Expert has advice: Psychologist: “People are more stressed today than ever before”


Expert has advice: Psychologist: “People are more stressed today than ever before”

Ms. Engert, you have been researching stress for years. Has this made you particularly good at avoiding it in yourself? No, unfortunately I'm also one of those people who usually do too much.

If you look back in human history, stressful situations were often a matter of life and death: the bear that attacked you or the mammoth. Based on that, shouldn't we actually be doing pretty well? Today, other things are actually causing the stress. The computer crashes even though you have to finish a text, the daycare center calls because the child is sick or the train strike prevents you from coming to your lecture. None of these are life-threatening events. Unfortunately, our body's reaction to this is fundamentally the same: the body and all of its systems prepare to achieve top performance in its own rescue.

However, the attack on our ancestors was usually over quite quickly. That's true, a healthy stress reaction only lasts a few hours - but today's stressors often accompany us for much longer. And what is particularly fatal: they add up. Many little things that we experience every day can stress us out so much that we end up getting sick.

Many people have the impression that everything is too much for them. What is it that bothers us so much? What stresses us out the most is when we find something difficult to control and unpredictable, when we feel overwhelmed and our self-image is threatened in some way. Many people don't really get anywhere in their own lives because they are constantly busy trying to become faster, better and more beautiful.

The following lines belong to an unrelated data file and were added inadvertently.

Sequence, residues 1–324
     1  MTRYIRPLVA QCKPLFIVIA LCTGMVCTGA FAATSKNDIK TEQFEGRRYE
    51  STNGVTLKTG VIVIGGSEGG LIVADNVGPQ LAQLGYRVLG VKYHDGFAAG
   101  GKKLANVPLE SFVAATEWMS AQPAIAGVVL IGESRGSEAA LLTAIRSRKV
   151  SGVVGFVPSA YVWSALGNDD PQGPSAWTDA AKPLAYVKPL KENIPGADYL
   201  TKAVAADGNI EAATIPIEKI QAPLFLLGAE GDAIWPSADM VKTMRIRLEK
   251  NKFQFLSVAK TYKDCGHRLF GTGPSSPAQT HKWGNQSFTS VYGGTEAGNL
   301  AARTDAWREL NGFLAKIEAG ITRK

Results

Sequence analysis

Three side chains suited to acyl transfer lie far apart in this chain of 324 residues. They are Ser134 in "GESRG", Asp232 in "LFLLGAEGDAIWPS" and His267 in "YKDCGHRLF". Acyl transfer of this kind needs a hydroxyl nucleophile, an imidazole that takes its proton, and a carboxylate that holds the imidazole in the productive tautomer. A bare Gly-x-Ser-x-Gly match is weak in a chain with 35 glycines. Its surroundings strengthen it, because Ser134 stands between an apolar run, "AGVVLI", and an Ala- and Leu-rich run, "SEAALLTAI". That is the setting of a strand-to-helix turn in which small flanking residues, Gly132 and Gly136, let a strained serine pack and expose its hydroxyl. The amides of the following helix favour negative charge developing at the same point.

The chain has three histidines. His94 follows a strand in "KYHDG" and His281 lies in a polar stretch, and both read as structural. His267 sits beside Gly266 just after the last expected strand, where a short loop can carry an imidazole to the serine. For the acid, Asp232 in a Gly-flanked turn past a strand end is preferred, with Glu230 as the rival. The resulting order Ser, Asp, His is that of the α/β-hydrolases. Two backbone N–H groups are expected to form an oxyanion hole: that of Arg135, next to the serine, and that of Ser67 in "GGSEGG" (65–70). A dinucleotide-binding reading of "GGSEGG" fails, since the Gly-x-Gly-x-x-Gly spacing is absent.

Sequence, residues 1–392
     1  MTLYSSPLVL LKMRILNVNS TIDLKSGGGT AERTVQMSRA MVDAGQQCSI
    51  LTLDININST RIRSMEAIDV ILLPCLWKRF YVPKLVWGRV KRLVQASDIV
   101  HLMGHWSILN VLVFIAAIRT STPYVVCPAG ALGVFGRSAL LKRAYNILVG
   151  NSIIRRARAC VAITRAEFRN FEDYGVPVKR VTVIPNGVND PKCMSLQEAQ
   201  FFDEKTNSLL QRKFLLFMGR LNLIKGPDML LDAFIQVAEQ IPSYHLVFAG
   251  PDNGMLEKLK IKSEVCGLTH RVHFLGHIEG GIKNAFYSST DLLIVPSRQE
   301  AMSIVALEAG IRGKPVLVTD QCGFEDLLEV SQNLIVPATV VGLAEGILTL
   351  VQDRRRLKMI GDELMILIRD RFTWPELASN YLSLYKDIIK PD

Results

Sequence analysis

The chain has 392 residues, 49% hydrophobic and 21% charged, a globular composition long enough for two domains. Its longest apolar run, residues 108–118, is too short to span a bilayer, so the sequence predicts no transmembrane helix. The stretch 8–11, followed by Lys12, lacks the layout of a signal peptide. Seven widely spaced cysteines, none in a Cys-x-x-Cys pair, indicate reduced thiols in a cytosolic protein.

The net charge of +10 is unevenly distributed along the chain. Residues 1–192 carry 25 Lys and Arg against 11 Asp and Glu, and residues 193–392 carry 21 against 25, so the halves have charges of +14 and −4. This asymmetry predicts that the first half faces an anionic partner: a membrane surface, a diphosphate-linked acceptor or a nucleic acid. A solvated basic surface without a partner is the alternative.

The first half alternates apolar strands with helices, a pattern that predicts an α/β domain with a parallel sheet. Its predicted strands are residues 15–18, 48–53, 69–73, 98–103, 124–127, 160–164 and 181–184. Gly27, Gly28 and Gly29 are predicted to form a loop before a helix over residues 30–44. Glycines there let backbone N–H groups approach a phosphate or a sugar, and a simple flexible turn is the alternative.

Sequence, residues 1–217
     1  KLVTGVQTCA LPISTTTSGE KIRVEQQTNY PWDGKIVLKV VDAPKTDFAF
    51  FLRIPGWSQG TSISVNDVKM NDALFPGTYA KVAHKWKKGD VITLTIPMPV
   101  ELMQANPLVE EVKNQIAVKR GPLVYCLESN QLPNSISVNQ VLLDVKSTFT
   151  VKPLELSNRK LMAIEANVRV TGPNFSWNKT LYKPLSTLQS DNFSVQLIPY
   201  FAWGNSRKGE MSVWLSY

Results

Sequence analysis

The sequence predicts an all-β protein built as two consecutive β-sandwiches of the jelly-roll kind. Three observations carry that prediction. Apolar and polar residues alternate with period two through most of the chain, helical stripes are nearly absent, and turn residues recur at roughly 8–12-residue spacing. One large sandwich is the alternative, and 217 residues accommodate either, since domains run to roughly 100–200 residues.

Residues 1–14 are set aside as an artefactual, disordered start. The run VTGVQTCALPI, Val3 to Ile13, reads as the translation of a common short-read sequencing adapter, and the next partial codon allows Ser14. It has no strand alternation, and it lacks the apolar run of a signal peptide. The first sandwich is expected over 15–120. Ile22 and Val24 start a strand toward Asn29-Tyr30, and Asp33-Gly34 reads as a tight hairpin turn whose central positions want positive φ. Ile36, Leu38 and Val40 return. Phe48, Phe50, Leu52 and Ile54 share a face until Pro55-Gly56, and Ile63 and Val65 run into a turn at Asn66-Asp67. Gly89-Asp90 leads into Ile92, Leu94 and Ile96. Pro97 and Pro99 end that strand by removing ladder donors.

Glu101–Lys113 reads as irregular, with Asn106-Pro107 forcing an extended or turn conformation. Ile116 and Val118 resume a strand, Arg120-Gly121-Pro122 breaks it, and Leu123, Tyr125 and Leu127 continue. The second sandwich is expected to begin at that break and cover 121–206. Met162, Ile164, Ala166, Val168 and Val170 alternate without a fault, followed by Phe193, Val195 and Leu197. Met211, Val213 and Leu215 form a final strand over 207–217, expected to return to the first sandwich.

But that is exactly what meritocracy seems to demand. The times when you can really take a deep breath and calm down have become the exception. What does this mean for a stress system that is actually geared towards sprints and not long distances? In the long run, this leads to chronic stress because we constantly keep the stress system simmering on a low flame. You can see this in cortisol, for example. In the morning, the level of the hormone should be very high. This prepares us for whatever demands the day brings. Cortisol levels then fall throughout the day. At night it is actually at the lowest level so you can sleep better. Because the high cortisol inhibits the immune system, many immunological repair processes also start during these hours. With a permanently elevated stress level, however, the curve flattens until an almost straight - but overall elevated - line is created. The result: sleep is no longer restful, you can't get going in the morning, your immune system is disrupted, and many metabolic processes no longer run smoothly.

How long can you endure something like that? We can often cope with stress at work for quite a while, at least if we manage to relax every now and then - switch off in the evening, recharge at the weekend or while playing with the children. It becomes dangerous when these islands sink, when you have to take care of your sick parents in your free time, when your relationship with your partner becomes ill or when you constantly question yourself.

Is there a maximum stress level that you shouldn't exceed? You can imagine the level of stress that can be endured as if it were a barrel. When it is full, it overflows - but individual resilience varies greatly. A problem that we often don't consider is that it's not just our own stress that ends up in the barrel. We now know that others can also influence us with their stress.